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Jeremy Drysdale


Jeremy wrote Grand Theft Parsons and Battlefield 2. He co-wrote award-winning horror short The Other Side. A novel which he co-wrote is due for publication in 2013 and he has a horror thriller called Pink (which he wrote all by himself) due out in early 2014. He now primarily writes action thrillers for the US market and although he swears he is funny enough to write comedy, there is currently no evidence to support this.

When was the first time you watched a horror film, and how did it affect you?

It would have been Jaws, I think. Is Jaws a horror film? In my mind, the term covers any film which scares the shit out of you – and Jaws certainly did that. I went to a cinema in Kingston-upon-Thames and had no idea what to expect, other than a rough idea that everyone was raving about it and the reviews were great. When the head popped out of the hole in the boat, I screamed out loud in the cinema and destroyed any ‘street cred’ I might have built up over the previous twelve years. I didn’t sleep properly for a week…

What was it that first attracted you to horror?

As a writer, I love the idea of making a connection with the audience, whether that be making them laugh or scaring the crap out of them. Horror films allow for a visceral connection with an audience, which is very satisfying. I have a horror film called Pink which is close to being financed and every stage of the process has been fun – how much can I frighten people? How far can I go? What can I bring that is new to the genre?

Grand Theft ParsonsWhat achievement are you most proud of?

Other than the birth of my son, seeing Grand Theft Parsons through to fruition. Not a horror film, but very satisfying nonetheless.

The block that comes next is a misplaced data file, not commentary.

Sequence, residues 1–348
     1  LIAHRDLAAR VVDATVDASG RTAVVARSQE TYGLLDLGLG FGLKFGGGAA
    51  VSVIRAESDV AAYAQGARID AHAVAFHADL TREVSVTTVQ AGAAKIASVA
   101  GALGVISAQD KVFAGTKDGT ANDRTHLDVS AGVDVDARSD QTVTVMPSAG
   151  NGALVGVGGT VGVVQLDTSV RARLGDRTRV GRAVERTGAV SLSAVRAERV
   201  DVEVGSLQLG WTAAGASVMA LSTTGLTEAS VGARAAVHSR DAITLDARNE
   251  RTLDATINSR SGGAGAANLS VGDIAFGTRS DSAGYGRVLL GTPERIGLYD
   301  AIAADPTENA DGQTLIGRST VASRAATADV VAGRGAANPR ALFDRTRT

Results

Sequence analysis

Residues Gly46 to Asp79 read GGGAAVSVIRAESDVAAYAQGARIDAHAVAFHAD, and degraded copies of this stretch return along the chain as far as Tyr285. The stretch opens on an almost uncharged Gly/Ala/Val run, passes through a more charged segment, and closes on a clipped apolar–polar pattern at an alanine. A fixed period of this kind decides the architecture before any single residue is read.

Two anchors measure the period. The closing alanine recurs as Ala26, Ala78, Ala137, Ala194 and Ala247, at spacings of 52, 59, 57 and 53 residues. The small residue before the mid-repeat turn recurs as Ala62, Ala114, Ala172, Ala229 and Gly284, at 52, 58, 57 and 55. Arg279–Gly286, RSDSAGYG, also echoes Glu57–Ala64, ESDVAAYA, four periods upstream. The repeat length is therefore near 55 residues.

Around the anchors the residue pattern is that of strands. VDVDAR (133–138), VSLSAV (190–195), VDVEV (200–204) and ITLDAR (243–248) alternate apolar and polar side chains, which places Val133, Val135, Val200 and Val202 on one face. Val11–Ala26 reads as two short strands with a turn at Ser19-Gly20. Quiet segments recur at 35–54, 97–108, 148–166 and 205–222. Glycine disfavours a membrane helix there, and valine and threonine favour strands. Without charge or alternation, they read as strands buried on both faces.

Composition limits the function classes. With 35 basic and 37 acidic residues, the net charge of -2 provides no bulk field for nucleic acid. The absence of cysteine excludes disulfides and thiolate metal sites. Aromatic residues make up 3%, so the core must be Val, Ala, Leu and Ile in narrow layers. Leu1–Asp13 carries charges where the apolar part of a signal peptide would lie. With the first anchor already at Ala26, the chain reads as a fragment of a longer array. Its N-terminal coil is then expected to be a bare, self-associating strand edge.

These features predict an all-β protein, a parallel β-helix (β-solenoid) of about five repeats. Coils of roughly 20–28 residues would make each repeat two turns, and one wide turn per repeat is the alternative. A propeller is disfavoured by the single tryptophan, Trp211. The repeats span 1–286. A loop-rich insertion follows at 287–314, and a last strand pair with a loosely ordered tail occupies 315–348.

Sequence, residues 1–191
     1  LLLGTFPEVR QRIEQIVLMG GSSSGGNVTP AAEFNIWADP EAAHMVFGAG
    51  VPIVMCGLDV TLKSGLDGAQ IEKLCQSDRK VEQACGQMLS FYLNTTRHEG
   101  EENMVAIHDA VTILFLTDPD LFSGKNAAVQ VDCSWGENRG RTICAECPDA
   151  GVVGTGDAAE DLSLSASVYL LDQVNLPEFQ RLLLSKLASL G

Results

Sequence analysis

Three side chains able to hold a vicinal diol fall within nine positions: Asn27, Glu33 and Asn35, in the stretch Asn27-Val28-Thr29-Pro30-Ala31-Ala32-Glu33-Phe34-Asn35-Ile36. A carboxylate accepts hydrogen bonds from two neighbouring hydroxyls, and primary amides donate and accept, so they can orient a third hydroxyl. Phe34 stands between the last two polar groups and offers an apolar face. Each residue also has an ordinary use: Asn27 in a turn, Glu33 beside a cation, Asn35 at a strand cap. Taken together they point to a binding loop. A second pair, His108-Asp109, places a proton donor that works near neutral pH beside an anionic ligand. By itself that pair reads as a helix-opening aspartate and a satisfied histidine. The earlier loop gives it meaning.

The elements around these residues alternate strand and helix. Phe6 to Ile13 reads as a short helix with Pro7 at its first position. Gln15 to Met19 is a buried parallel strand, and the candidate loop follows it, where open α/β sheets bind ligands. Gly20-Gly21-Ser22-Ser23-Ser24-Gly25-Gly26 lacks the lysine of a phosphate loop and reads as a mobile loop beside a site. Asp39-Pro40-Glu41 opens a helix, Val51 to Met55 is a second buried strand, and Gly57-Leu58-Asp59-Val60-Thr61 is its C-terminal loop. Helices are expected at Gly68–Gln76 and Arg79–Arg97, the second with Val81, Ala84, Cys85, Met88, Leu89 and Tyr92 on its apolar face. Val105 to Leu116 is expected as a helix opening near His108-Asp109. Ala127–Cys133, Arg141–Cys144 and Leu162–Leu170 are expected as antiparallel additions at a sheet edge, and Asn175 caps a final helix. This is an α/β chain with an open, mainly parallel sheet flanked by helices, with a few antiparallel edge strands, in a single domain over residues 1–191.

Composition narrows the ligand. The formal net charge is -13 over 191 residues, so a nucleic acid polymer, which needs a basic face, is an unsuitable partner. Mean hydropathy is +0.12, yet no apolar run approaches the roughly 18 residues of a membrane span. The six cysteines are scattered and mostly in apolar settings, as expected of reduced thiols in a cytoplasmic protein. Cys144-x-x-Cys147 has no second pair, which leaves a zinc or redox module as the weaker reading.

What are you working on now?

Pink is written and will hopefully be shot in the spring and released in February 2014. I have just finished a psychological thriller called Persona and am two-thirds of the way through an action thriller called The Drop. I have a novel due for publication in 2013, which I co-wrote – and I can’t wait to see the reaction to that.

Who do you admire in the horror world?

Sam Raimi, Danny Boyle, Alan Ball, Stephen King, John Carpenter.

Do you prefer gore or psychological horror?

I much prefer psychological horror. Gore is easy, but fucking with the viewer’s mind is everything. Which leads us on to…

How important is it to unsettle a viewer?

It is crucial. If you give them what they want, or expect, you have achieved absolutely nothing. That moment when they sit there and go tense and their mouth goes dry and they think ‘what the fuck?’ that’s when you’re doing it right.

How do you evoke fear?

I try to take a situation that the viewer feels comfortable with and twist it. If you’re trapped in a building, that’s not scary. If you’re trapped in a building and you can see other people who can’t see you through a tinted window, that’s just stressful. If you’re trapped and inches away from people who can’t see you and you’re being chased by a man with a knife, that’s much better. Give the audience ‘normal’ and then screw with that; write a horror scene in a library – somewhere they feel comfortable and safe – not on the moors, where they don’t.

What scares you?

Being trapped in a small space. (And the standard writer’s fear of running out of money.)

Why should people watch your films?

Because I need the money to feed my family.

The Other SideHow far is too far when it comes to horror cinema?

Too much gore or torture porn leaves me cold.

How do you think horror cinema will evolve in the next ten years?

I don’t think the genre will change – it hasn’t much over the past ten, after all. I think the mechanism of delivery will change, moving away from cinema and into the home, on tablets and laptops with day and date release for both download and cinema. (How dull is THAT answer?)

Recommend a film.

Grand Theft Parsons, because I wrote it. Also The Other Side, because I co-wrote that. (I still have to feed the family, you see.)


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